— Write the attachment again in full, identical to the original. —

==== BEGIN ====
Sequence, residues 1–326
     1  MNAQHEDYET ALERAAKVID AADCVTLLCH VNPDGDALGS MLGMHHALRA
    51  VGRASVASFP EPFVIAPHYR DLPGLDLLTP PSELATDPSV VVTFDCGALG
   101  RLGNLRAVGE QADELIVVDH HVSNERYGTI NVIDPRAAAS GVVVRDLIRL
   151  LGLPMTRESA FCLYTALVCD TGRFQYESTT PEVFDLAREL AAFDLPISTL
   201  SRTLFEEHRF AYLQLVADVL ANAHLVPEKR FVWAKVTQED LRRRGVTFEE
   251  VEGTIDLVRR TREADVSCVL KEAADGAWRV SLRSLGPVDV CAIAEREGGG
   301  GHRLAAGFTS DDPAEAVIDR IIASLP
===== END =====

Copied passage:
Sequence, residues 1–326
     1  MNAQHEDYET ALERAAKVID AADCVTLLCH VNPDGDALGS MLGMHHALRA
    51  VGRASVASFP EPFVIAPHYR DLPGLDLLTP PSELATDPSV VVTFDCGALG
   101  RLGNLRAVGE QADELIVVDH HVSNERYGTI NVIDPRAAAS GVVVRDLIRL
   151  LGLPMTRESA FCLYTALVCD TGRFQYESTT PEVFDLAREL AAFDLPISTL
   201  SRTLFEEHRF AYLQLVADVL ANAHLVPEKR FVWAKVTQED LRRRGVTFEE
   251  VEGTIDLVRR TREADVSCVL KEAADGAWRV SLRSLGPVDV CAIAEREGGG
   301  GHRLAAGFTS DDPAEAVIDR IIASLP